How do I improve Bluetooth call quality on PC?

Thanks to this helpful post on Reddit, I learned that HFP versions 1.6 and 1.7 doubles the frequency range to 16KHz (sometimes referred to as “HD Voice”), which greatly improves audio quality during calls. It is widely used in smartphones, which is why your Bluetooth headset sounds so much better when paired to your phone as compared to your PC.

So how do your get your PC to use HFP 1.6/1.7 and not HFP 1.5? Sadly, most built-in Bluetooth chipsets used in PCs and older Macs only support HFP 1.5 and you’ll need a new Bluetooth dongle to get HFP 1.6.

Unfortunately, this is not as easy as picking up a $10 Bluetooth dongle on Amazon as most do not advertise what HFP version they use. If you want to be sure, the somewhat pricey Jabra Link 370 USB adapter supports HFP 1.6 and will increase the sound quality of most Bluetooth headphones (assuming they support HFP 1.6 as well). If anyone finds another Bluetooth dongle that uses HFP 1.6 or higher, please let me know in the comments!

UPDATE: I found the Avantree DG80 USB adapter on Amazon is a cheaper alternative that also does a great job of providing better call quality with Bluetooth earbuds.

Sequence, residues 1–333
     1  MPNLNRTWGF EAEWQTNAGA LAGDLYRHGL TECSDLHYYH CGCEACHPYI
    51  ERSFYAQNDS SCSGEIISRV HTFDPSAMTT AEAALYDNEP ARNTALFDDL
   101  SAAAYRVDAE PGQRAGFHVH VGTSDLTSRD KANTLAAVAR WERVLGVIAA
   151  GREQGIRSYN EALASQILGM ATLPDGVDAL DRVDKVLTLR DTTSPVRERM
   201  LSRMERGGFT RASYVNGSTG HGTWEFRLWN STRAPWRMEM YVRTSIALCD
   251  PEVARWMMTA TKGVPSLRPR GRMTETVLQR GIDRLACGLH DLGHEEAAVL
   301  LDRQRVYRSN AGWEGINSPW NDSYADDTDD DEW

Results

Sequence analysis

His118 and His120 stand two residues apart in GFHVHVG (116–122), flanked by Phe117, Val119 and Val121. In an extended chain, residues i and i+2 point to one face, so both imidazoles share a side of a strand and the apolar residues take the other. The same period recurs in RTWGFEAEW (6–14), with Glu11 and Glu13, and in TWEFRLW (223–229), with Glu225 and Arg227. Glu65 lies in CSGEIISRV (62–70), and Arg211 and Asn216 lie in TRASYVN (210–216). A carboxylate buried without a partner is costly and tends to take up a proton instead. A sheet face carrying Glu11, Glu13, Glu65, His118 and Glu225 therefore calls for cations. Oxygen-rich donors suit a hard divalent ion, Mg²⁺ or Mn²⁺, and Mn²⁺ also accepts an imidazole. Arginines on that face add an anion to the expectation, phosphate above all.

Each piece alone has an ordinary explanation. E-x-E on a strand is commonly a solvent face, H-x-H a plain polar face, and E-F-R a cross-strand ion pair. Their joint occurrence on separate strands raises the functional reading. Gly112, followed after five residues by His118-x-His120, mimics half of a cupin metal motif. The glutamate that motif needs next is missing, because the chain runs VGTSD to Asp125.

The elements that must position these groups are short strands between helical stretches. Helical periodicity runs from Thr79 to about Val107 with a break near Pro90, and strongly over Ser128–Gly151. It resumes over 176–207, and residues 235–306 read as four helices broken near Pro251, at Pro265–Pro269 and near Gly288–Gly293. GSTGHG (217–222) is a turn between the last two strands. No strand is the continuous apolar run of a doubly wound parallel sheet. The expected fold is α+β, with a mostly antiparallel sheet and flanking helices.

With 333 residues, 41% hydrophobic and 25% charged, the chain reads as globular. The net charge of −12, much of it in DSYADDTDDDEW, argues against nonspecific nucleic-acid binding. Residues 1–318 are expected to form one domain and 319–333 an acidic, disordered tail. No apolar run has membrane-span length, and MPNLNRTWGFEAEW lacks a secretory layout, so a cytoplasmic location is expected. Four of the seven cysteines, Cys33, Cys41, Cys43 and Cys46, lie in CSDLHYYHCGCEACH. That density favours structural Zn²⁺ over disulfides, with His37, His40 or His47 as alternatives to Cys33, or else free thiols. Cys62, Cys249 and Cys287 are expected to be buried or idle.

$29.99 $39.99
May 8, 2024 8:27 pm
× Product prices and availability are accurate as of the date/time indicated and are subject to change. Any price and availability information displayed on Amazon.com (Amazon.in, Amazon.co.uk, Amazon.de, etc) at the time of purchase will apply to the purchase of this product.
2 new from $29.99
$56.25 $101.00
May 8, 2024 8:27 pm
× Product prices and availability are accurate as of the date/time indicated and are subject to change. Any price and availability information displayed on Amazon.com (Amazon.in, Amazon.co.uk, Amazon.de, etc) at the time of purchase will apply to the purchase of this product.
12 new from $56.25

Either one of these adapters will show as 1 “sound card” to your PC and will automatically handle the switching between “headphones” mode when you’re listening only and to “headset” mode when the microphone is needed (the Avantree can be manually switched by pressing the button twice on the dongle if it doesn’t automatically switch). They both do a much better job of managing the Bluetooth profiles than what is built-in to Windows.